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People who see something that they want done and do are the people who create impactful change in their community. They leave a legacy by acting rather than sitting around and talking about it. I admire people who step out of their comfort zones and into the uncomfortable and unfamiliar to make things happen. My guest today is the epitome of a “doer.” She saw an opportunity to partner with others and brought that opportunity to fruition to make real, lasting change. Emily Connell Umanzor is the founder of Solo Hope. Solo Hope began in 2012 after Emily heard women in rural Honduras describe the challenges they face every day to overcome poverty. Solo Hope works with more than 10 women and two co-ops to create designs for the home and body. It was so exciting that Emily was able to join me in-person for this interview the day she returned to the States. It was a joy to connect in person, and I know you’re going to love hearing our chat! Join me to find out how Solo Hope empowers women and fosters opportunities for a safe and successful future.
Emily is from the southern United States but found herself in love with the country of Honduras. The seed was planted on Emily’s 10th birthday. She woke up with a feeling that the Lord was telling her to go to China. At 16, she had an opportunity to go to Honduras. When she arrived, she immediately felt right at home.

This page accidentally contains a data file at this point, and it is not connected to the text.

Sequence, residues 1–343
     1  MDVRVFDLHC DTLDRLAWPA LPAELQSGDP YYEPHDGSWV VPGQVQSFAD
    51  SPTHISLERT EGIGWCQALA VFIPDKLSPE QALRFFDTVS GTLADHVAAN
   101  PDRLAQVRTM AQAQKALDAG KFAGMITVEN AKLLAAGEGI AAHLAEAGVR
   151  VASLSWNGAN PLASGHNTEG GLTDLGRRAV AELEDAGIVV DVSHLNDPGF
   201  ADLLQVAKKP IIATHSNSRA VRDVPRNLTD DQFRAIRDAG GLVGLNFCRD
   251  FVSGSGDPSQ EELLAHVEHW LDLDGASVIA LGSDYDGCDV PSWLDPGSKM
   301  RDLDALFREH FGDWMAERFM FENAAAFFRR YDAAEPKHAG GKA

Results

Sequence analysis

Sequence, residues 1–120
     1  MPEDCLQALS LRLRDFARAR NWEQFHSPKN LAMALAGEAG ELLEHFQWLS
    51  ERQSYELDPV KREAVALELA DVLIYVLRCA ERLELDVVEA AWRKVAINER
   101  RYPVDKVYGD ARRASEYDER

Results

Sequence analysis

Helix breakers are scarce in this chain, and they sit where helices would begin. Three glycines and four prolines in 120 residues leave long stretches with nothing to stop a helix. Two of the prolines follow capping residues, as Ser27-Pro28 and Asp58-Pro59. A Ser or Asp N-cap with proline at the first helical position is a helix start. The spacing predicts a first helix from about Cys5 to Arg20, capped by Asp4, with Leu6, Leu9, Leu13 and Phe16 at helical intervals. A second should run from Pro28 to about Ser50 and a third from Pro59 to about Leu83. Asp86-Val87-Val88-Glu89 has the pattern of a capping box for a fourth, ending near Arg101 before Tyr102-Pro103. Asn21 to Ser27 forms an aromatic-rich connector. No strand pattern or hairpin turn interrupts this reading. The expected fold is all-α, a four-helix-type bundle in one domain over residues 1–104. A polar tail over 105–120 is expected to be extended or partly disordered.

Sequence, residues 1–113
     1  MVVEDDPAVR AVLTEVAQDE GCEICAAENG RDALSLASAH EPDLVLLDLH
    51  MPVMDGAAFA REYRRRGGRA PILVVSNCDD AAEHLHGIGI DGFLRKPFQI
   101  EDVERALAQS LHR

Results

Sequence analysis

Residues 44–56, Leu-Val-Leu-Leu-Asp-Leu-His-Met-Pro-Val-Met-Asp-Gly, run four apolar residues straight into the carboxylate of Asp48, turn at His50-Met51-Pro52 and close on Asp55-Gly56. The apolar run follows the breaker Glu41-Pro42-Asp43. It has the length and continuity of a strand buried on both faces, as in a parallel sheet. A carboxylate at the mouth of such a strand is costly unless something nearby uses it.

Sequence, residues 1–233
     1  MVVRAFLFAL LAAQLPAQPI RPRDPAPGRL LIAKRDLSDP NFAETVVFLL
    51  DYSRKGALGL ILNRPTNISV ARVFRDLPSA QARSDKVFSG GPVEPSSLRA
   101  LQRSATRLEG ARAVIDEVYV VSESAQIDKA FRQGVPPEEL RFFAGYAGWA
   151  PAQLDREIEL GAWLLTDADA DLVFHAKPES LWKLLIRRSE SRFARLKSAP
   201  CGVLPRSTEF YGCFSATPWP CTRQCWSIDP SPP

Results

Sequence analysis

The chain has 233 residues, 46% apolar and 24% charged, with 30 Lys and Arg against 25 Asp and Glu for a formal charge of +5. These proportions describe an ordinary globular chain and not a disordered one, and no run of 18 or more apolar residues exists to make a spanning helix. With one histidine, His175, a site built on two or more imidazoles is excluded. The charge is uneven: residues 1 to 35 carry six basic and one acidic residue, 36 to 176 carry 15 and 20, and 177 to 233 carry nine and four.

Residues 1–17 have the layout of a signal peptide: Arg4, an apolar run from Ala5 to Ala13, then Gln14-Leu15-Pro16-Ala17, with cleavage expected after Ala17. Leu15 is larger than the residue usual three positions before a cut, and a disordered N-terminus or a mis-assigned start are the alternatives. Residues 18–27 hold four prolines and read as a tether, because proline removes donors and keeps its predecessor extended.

After learning about the culture and women in Honduras who were trying to raise their children with very little support and no job opportunities, her dream for Solo Hope came alive.
Because she witnessed a lot of men who were absent from their children’s lives, Emily never thought she’d marry a Honduran man. In 2016, she hit it off with a driver she contracted with to transport her teams. They’d met before but during one particular trip, they couldn’t stop looking at each other.
Emilee knew God gave her the word “Home” for 2016. While she kept saying it meant finding a home in God, she knew God also meant a home in marriage. Emilee and Ever were married in Honduras within that same year!
Emilee’s husband Ever doesn’t speak English, and it has given her children an opportunity to learn another language and culture at an early age. It’s such a beautiful picture of God’s creation.
God pulled on Emilee’s heart and showed her that women in Honduras needed jobs. She witnessed Honduran women receiving some aid, but once it was gone, they were right back in a vulnerable position again.
Emilee met with a Honduran woman named Dilcia in 2012 and created rough sketches of bracelet ideas. Dilcia had the skills to make the designs, but she didn’t have a market. Dilcia took Emilee’s designs and brought them to life.
Dilcia asked her best friend Maribel if she wanted to help make bracelets, and that’s how Solo Hope began. Emilee’s biggest privilege is being able to work with the women face-to-face and get to know them as friends too.
In 2013, Emilee quit her full-time job and moved to Honduras for four months to help work on a product line that could also be offered in the United States.